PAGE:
Sustainable energy for a food secure future
Whilst one-third of the food we produce is wasted, food insecurity remains a pressing challenge. Is it not a paradox that the world produces enough food to feed everyone yet 12% of the world population is estimated to be undernourished? Or that sub-Saharan Africa, which experiences food insecurity, could actually meet the minimum annual food requirements of at least 48 million people if post- harvest grain losses were avoided ?
As important as the ongoing food aid is to food insecure regions, getting to the heart of the problem is every bit as critical. We need to move beyond food aid when ensuring that the poorest have enough to eat. Addressing food losses is part of the solutions.
We can, and must do, more to reduce food losses. In developing countries, this cannot be achieved without access to sustainable energy for rural communities.
Inadequacies of processing, poor storage facilities and lacking access to markets cause significant post-harvest food losses in developing countries. A large proportion of fresh products such as fruit, vegetables, meat and fish straight from the farm, or after the catch, are being spoiled in hot climates due to lack of cooling, drying and technologies that would enable safe storage. The other main reason for post-harvest losses is lack of access to markets, due to insufficient transport infrastructure and access to market relevant information (daily market prices).
Sustainable energy can greatly help reduce loss. The UN is an old hand when it comes to sustainable energy initiatives. The United Nations Environment Programme (UNEP) has been providing institutional and technical support for projects, such as the SolarChill Project, which helps deliver food refrigeration services to regions of the world with no electricity or an inadequate access to energy.
UNEP’s Division of Technology, Industry and Economics (DTIE) invited partners and industry to work together to work to find a better refrigeration solution in 2001. The project partners gave themselves the sole mandate to develop a technology that would serve the purpose, make it freely available to interested manufacturers worldwide, and promote its uptake internationally. Industry partner Vestefrost, developed a prototype unit utilizing solar chill technology A unique feature of the technology was that the energy of the sun is stored in the ice instead of in batteries. The equipment is powered by renewable energy from the sun collected via photovoltaic solar panels.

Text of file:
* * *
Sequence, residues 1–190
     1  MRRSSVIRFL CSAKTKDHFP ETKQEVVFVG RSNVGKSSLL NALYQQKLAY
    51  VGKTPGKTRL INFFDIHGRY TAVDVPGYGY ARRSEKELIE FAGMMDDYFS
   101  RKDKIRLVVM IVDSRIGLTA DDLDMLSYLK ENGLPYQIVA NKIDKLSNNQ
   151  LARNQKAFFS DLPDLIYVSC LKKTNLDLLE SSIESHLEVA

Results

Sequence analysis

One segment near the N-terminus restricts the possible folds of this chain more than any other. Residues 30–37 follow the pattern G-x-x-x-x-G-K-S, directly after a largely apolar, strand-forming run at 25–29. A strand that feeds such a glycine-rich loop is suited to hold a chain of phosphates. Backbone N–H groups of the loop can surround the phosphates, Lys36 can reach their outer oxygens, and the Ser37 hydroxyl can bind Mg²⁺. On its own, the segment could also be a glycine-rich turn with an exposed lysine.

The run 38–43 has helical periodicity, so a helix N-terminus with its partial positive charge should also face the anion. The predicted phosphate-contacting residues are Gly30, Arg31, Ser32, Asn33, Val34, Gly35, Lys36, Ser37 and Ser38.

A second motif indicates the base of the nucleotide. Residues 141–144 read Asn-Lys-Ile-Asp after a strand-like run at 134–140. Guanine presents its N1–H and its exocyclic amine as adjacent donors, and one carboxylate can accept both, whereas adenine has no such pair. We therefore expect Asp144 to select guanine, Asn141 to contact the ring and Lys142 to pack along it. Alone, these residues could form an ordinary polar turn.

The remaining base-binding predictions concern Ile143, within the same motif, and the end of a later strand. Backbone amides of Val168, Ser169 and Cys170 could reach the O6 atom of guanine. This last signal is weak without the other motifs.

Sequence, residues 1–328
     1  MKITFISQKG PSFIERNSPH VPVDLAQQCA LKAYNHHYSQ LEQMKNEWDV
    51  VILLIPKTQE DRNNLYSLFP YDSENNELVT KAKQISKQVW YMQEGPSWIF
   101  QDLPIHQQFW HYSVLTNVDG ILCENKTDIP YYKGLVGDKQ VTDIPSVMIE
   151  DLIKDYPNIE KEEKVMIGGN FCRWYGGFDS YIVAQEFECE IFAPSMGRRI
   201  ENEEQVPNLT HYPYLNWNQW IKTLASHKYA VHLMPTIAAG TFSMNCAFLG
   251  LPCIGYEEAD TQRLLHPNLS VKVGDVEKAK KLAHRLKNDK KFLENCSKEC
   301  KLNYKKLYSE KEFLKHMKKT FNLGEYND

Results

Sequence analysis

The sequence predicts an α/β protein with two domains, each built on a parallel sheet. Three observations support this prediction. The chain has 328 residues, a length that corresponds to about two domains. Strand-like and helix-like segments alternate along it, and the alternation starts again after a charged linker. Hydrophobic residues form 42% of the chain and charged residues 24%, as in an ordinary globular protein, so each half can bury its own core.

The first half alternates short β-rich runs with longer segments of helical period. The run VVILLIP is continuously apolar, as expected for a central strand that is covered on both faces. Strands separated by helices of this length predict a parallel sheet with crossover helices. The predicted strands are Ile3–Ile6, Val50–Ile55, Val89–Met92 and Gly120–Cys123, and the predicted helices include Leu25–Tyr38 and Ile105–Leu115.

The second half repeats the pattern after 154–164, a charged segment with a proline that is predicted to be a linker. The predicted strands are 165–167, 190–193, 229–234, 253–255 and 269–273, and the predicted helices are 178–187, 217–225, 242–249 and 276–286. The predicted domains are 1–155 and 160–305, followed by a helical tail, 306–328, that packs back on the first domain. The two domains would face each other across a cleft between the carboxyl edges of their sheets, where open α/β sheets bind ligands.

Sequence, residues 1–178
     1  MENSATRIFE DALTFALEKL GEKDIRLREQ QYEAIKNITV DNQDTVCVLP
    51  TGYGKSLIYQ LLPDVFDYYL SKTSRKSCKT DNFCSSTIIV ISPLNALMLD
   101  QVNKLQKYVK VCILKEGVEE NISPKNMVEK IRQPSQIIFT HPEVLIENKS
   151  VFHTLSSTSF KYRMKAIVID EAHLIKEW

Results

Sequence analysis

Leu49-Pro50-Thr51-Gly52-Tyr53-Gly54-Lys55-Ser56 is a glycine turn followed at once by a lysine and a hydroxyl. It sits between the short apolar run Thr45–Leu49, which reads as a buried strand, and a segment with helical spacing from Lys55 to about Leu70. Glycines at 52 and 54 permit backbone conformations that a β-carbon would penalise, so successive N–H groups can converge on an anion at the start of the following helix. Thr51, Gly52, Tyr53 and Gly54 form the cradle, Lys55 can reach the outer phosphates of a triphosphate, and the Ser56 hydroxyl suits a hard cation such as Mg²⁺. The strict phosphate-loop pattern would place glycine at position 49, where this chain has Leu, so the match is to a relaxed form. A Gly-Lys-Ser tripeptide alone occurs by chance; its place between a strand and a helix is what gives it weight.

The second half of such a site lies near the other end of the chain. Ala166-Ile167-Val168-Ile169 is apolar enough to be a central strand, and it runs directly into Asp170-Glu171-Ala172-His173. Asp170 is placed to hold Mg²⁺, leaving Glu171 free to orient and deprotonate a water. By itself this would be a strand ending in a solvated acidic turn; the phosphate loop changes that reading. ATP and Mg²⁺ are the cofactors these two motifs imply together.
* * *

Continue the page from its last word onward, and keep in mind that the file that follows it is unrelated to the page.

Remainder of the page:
Another example of improved access to energy directly contributing to reduction of food waste, is a project in Cameroon, where UNEP is helping rural communities to improve fish smoke houses. The Cameroon Wildlife Conservation Society (CWCS) Improved Fish Smoke Houses Project has led to the installation of 500 improved fish smoked houses in the Douala Edea Reserve. These superior smoke houses are built on the basis of the traditional “banda”, where the oven’s edges are closed in order to reduce heat and smoke losses. Due to a significant reduction of the smoking time required, this technology not only helped reduce wood consumption, but also led to the recovery of some 25% of the fish catch, which had previously been wasted.
UNEP is also working on the sensitive issue of bioenergy. The rapid development of bioenergy, in particular liquid biofuels, has generated considerable debate regarding their sustainability, in particular for the so-called “food versus fuel” competition. The links between bioenergy and food security are complex and multi-faceted. Much has been said about the risks, but little on the opportunities that bioenergy can bring to food security, with appropriate policies and industrial commitments in place. A sound science-based and integrated approach is required to address the links with food security, rural development, climate and energy security, and promote both “food AND fuel”.
This approach requires:
• in-depth understanding of the situation and related opportunities, risks, synergies and trade-offs;
• enabling policy and institutional environment, with sound policies based on resource assessments, and effective means to implement these;
• implementation of good practices by investors and producers; and
• proper impact monitoring, evaluation and response.
UNEP together with partners has developed over recent years tools such as the Global Bioenergy Partnership (GBEP) Bioenergy Sustainability Indicators for bioenergy production and the UN-Energy Decision Support Tool for Sustainable Bioenergy (DST).
Finally, UNEP is also working towards addressing knowledge gaps regarding the status of energy use and energy production in food systems.
Overcoming the energy poverty barrier is fundamental if we are to reduce hunger and malnutrition. Hopefully, governments will shift towards a new paradigm: integrated food energy systems. This can offer a range of opportunities for fulfilling the three key objectives of the UN Secretary General’s Sustainable Energy for All (SE4ALL) initiative in an integrated manner: greater energy efficiency, increased use of renewable energy and improved energy access.